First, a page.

"The city is controlled by the garrison just now, madam," the boy volunteered, gesturing with his thumb over his shoulder. "House arrest is common. If you go in, you may not be able to come out. I can’t say more, madam."

"Have there been riots?" Adriana asked.

"Not this week," the guardsman said with an odd smile. "The people are too depressed for that, I’d say."

"The garrison’s in control of the city," she repeated. "Who’s in control of the garrison?"

The boy shrugged. "The pope, I’d say."

"I see. Thank you."

And what of Quintus? she asked herself, riding through the gate. It was hardly within the pope’s power to make house arrest, or to declare martial law.

In the mist-slick avenues of the city, the silence was nearly absolute. Adriana rode toward the Quirinal hill, unable to breathe comfortably. A nauseating odor in the leaden dampness clutched at her stomach. The gutters were choked with inedible refuse: sticks, feathers, rags, skeletons of animals that had been boiled for their meager flesh. A pair of starved-looking whores huddled against a fountain, throwing dice in absolute silence. Beggars crouched hopelessly on church steps, not bothering to whine at the passers-by.

Adriana coaxed Ferox uphill between the ranges of mouldy palaces on the Quirinal. It would be simplest to deal with Flavia first, before she confronted Quintus and the wreckage of her former home. She passed beneath the walls of Flavia’s garden, and made a clatter on Flavia’s door with its lion’s-head knocker.

"How is Flavia? How is my sister?" Adriana asked when the porter appeared behind his grate, nodding like a mechanical toy.

"Her Magnificence is well, thank you, madam, but the house, as you will see, has suffered," the porter answered. He opened the door, bowed solemnly, and spread his hands in a gesture of woe.

"I do not see the suffering," Adriana said, passing through the vestibule into the marble sweep of the atrium. Everything seemed in place, even the familiar scent of dying flowers and expensive perfumes. Flavia had made her hereditary palace into the showpiece of the Quirinal. She had wisely suspended her own tastes and left the redecoration to Byzantine artists, who had robbed her mercilessly, but had made each of her rooms as perfect as an Athenian plate.

A smiling eunuch attached himself to Adriana; she passed down corridors and up staircases in which light stains and minor damage to the frescoes seemed to have been supplied by a thoroughly sympathetic hand. In her attiring room, at the center of a circle of maids, Flavia was enjoying her after-bath toilet. Flushed and loud with wine, she looked as useless as a preserved butterfly. Her maids had curled her hair and powdered it with gold dust, and were finishing an application of painted patches to her face.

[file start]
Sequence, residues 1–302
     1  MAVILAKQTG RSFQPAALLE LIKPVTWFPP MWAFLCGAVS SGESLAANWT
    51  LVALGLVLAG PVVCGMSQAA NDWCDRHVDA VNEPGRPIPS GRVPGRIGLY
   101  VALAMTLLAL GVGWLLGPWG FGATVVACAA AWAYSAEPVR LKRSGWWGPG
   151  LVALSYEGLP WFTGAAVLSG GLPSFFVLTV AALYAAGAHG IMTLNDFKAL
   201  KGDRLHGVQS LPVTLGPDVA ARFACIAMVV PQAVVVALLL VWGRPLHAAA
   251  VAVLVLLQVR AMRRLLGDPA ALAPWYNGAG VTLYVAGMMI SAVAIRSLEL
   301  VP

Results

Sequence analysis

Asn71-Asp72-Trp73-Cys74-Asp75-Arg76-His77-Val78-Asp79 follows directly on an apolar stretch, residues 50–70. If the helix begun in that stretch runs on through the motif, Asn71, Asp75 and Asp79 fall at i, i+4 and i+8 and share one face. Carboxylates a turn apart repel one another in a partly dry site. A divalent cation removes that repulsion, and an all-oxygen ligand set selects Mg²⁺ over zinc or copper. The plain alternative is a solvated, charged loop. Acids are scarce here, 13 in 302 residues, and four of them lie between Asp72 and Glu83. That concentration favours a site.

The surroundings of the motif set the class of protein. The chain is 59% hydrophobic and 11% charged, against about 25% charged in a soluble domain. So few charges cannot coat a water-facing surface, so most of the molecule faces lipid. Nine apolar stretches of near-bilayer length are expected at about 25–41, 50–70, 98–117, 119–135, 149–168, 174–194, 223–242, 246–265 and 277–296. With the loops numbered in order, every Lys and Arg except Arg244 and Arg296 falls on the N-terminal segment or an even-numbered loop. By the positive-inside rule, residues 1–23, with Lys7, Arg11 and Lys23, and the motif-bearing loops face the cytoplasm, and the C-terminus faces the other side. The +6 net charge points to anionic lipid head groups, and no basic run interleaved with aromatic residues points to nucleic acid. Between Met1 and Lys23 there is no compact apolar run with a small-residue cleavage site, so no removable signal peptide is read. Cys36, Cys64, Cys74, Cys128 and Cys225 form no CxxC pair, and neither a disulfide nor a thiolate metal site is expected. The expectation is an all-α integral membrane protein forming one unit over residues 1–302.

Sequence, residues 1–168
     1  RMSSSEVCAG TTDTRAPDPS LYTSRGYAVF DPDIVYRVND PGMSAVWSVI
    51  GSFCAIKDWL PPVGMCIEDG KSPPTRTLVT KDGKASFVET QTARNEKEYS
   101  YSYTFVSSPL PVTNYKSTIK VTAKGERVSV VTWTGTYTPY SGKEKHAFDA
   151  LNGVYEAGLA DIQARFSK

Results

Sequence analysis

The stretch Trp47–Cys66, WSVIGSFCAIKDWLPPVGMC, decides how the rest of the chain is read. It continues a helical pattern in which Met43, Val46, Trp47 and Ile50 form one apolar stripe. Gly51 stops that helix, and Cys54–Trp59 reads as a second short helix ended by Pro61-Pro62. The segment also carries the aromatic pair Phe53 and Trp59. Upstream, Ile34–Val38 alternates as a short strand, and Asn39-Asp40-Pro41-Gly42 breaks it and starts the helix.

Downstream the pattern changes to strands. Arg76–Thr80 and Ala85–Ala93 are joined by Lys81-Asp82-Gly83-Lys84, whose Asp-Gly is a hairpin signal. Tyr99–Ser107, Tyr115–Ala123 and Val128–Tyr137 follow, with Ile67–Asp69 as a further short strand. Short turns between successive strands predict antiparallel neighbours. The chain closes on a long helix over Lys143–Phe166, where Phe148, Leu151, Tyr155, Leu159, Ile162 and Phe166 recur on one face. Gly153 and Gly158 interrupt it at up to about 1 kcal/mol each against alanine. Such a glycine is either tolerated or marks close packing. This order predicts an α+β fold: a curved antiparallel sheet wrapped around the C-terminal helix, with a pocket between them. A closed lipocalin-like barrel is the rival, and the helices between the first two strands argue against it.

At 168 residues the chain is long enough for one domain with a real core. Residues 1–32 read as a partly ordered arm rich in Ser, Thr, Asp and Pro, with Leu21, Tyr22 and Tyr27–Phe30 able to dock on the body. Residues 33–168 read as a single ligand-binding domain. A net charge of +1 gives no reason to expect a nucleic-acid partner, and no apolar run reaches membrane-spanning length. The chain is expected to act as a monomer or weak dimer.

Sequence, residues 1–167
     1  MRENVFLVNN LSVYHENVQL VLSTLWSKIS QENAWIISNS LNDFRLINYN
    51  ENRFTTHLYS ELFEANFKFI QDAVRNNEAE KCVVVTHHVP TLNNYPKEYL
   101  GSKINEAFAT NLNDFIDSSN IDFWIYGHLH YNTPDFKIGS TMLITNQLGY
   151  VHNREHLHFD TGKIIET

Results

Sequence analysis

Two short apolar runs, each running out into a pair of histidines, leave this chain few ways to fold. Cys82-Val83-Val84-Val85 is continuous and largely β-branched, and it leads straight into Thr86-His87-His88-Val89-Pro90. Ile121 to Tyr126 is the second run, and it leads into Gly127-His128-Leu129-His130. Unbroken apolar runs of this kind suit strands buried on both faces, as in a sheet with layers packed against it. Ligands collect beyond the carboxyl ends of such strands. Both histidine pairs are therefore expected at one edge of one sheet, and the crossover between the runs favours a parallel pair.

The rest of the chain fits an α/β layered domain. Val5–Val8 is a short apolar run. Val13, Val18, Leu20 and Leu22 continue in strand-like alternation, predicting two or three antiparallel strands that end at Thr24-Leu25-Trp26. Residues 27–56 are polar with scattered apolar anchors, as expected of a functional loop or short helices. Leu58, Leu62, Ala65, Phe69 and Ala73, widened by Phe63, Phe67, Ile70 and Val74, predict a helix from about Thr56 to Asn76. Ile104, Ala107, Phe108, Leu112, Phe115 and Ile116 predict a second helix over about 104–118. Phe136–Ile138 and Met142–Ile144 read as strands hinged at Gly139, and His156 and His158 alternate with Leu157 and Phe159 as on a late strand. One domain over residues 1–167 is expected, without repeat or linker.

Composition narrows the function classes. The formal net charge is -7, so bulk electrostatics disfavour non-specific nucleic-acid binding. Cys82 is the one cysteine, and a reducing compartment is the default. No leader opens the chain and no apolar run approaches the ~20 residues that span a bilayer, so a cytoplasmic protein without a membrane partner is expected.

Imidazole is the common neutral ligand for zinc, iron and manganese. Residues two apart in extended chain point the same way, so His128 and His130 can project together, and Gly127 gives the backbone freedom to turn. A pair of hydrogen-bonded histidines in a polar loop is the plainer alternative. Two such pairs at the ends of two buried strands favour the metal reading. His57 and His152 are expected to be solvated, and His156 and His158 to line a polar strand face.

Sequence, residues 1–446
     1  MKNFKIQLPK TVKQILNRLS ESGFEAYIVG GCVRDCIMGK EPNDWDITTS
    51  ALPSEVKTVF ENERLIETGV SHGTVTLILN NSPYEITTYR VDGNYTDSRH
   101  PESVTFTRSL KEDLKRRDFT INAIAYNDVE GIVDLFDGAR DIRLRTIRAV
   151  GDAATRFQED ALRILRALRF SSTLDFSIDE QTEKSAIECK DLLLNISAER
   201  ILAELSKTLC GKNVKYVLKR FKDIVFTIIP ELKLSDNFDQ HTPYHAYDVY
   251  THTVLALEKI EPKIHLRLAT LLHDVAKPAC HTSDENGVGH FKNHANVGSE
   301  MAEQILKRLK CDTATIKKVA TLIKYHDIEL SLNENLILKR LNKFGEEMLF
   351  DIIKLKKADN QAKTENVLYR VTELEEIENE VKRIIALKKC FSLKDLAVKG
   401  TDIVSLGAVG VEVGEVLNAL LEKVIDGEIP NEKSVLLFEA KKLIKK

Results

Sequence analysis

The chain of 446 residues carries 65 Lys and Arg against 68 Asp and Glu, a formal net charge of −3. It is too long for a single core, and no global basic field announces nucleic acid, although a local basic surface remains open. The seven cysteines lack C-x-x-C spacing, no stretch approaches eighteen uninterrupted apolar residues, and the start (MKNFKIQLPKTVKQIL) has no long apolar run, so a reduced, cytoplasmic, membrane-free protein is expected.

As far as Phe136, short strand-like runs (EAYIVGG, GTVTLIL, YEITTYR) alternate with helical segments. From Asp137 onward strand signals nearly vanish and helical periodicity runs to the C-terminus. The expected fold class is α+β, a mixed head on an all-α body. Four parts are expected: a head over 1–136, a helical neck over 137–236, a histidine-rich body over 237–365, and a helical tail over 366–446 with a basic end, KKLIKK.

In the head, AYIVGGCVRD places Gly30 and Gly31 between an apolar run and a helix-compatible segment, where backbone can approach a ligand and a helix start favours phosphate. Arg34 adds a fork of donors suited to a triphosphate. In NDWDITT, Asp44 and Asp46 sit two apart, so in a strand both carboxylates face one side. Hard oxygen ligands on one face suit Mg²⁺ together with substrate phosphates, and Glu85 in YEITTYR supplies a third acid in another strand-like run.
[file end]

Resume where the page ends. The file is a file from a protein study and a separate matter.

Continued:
"Go away!" Flavia said crisply to her servants, waving her rings in the air, after glancing at herself in a floor-length mirror and finding herself acceptable. "Come here and sit by me," she said to Adriana with a marvelous welcoming smile when the room was empty.

She took the hem of Adriana’s tunic between her fingers and blinked her eyes in a sham of deep concern.

"Adriana, dearest, did you sleep in your clothes last night? But what is this? Straw? Have you been raking straw in a mood of patronage toward your darling serfs?"

"The Germans came," Adriana said. "I escaped to the stables, with help. It’s a long story."

Flavia raised a false eyebrow and smiled knowingly. "Ah! An adventure in the stables. Oh, you alley cat! Just like the adventures we had when we were young—slipping out at night while the Terrible Greek snored in the house."

"You slipped out, I believe," Adriana corrected her.

"I’m proud of you," Flavia said warmly, pursuing the canard. "You’ve discovered that what a woman needs most is the companionship of a young man, one who isn’t distracted by the cares of state or the enthusiasms of a functioning brain. And the setting—so deliciously tawdry! You’ve done the right thing, dearest, just as I did when it became clear that Faustinus was planting his seed in every flower-bed but mine and I made up my mind to change gardeners. Every other day, if necessary."

She paused to catch her breath, licking her lips with a cat-like rotation of the tongue.

"Admit that you enjoyed it, you rogue."

"There was nothing to enjoy."

"Phy!" Flavia feigned disappointment. "I’m pleased to report that my own recent experience has been otherwise. You should have seen him: blond, a total ignoramus, with the muscles of a panther and the hangings of a horse. He’d just finished tearing up my house. Oh, I know I shouldn’t talk this way in the presence of Your Chastity. We got out of the garden pond and he simply disappeared. I never saw him again. I remember glancing at the sundial when I went indoors to receive Faustinus at his evening meal. The time I’d passed with the German could hardly be measured in shadow. But I must say the occasion was supremely satisfactory."